After lunch we took a stroll to Tremadog and back, skilfully avoiding any precipitation. 

Some new information boards have been placed by Llyn Bach. One of them confirmed that the diving ducks we were watching were indeed goosanders.

Cnicht was bathed in sunshine for a time, but I bet it was shivery up there.

Here's Cnicht again, in the wider context of the Moelwynion range.

The walk back from Tremadog is mainly through mixed woodland. We did an extra loop in the hope of some sunshine. Maybe later in the week - the images below are the best I could manage today.

There were lots of fungi in the woodland. Here's another one that defied accurate identification. 

Returning via Tesco, we walked just 7km today. Here's Garmin's portrayal of our route.

My brother, Dave, turned up just as we returned to the house, so having not seen him for a while we enjoyed a chat and a game of cards. Then it was time for dinner, and Dave returned to his other house which is on the same estate of purpose built holiday homes.

Wednesday 8 November 2023

Wednesday 8 November 2023 - Around Harlech

Back in Porthmadog for a few days, we woke to clearing skies and the usual view of the harbour from our living room. 

A short drive to Harlech, where at this time of year there's plenty of free on-street parking, saw us admiring, but not entering, the castle. It was completed in 1289 and enjoys a rich history, culminating in its demise in 1647 when it was the last castle to fall to the Parliamentarians and was ordered to be demolished, an order only partially executed.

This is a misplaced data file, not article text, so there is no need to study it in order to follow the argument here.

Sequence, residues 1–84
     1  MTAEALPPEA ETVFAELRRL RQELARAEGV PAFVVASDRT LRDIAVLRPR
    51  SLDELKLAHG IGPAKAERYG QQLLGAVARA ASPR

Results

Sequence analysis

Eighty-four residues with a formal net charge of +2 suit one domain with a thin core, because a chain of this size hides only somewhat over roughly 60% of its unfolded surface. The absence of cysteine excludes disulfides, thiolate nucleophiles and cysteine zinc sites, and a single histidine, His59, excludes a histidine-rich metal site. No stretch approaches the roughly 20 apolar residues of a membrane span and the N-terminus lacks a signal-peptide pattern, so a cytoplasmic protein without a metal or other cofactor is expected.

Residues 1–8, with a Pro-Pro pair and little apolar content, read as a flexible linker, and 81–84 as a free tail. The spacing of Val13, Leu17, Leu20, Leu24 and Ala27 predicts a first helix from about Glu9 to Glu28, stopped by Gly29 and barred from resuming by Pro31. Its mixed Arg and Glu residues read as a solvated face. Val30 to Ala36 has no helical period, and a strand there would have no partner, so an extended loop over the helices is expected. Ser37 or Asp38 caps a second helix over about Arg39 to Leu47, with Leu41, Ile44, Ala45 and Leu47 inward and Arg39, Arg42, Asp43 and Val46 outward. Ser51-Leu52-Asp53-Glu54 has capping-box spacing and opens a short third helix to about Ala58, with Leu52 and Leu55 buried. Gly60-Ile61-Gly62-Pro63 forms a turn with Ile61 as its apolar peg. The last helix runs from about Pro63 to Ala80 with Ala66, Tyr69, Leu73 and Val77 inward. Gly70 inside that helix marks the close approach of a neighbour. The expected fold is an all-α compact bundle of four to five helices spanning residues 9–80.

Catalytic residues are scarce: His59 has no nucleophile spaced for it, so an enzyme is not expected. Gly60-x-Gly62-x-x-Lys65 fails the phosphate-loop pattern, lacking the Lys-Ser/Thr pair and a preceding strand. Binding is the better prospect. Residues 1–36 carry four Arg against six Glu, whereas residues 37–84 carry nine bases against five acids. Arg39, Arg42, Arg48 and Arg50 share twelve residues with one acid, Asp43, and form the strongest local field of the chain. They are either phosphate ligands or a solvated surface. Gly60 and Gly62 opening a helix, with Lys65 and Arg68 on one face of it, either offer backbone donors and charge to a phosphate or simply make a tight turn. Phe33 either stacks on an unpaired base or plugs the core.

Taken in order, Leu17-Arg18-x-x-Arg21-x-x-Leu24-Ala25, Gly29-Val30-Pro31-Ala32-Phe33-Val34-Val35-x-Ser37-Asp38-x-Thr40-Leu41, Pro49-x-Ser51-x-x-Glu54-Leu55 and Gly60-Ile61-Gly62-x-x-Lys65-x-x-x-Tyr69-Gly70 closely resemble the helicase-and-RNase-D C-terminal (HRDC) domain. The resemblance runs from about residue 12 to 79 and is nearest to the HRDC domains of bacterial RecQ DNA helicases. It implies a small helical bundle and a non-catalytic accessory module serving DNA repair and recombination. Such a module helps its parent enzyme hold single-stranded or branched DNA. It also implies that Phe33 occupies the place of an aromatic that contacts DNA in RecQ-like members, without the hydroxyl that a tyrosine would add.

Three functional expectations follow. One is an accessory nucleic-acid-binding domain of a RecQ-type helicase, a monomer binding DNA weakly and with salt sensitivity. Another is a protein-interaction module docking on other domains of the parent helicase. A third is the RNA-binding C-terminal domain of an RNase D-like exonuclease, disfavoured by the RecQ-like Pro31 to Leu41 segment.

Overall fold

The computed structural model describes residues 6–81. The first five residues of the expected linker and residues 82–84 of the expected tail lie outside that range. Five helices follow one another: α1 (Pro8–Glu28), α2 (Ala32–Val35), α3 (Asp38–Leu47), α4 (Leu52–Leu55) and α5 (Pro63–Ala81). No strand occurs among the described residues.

From the castle, our route over slippery stones through pleasant woodland passed lots of different fungi, none of which we risked collecting.

Steep steps led up to a minor road.

After crossing the road we headed up a track that turned out to be a short private driveway linking the rights of way we were attempting to follow. (Walk number 5 in Alex Kendall's Cicerone guide to South Snowdonia - we walked it previously on 17 September 2022.) First we met the wife, then the husband. After a rant about dog walkers they allowed us to continue through their property. They were nice people. We had no dog.

At the suggestion of this couple we varied the route slightly, taking a path with good views towards Snowdon - sadly a bit hazy all day - and past a well that was described thus in a plaque:

'Scotch Baptist Baptism Well, Built 1842'

Full immersion baptism no doubt!

Soon, a series of steep stone stiles led over high walls to the high point of our walk.

We enjoyed lunch on some rocks from a collapsed wall, before posing in front of fine views. Here am I with the view to Snowdon. 

And here is Sue with the view to the rough summits of the Rhinogs. 

Pleasant walking during which we passed the only two people seen out walking today, brought us through Llanfair above the beach along which we were to return to Harlech. 

There was a railway line to cross.

Firm sand made the 2km stroll along the beach to Harlech most enjoyable. 

After leaving the beach, we made our way through the dunes to a convenient resting point with the castle as a backdrop.

On our final stroll into Harlech we noticed a huge eagle near the entrance to a holiday park.

A nearby plaque read:

"Eagle commissioned by Salop Leisure, Spring 2011.
71 share metres of steel sheet cut into 1000s of feathers that are welded on to a solid bar frame and galvanised.
480 hours of labour. Weight 1639kg."


Here's our 9 km route.

That was a lovely outing, enhanced by snippets of cricket - thanks to Ben Stokes the English team made a bid to escape the doldrums today, managing to beat the Netherlands part timers, seemingly a great achievement!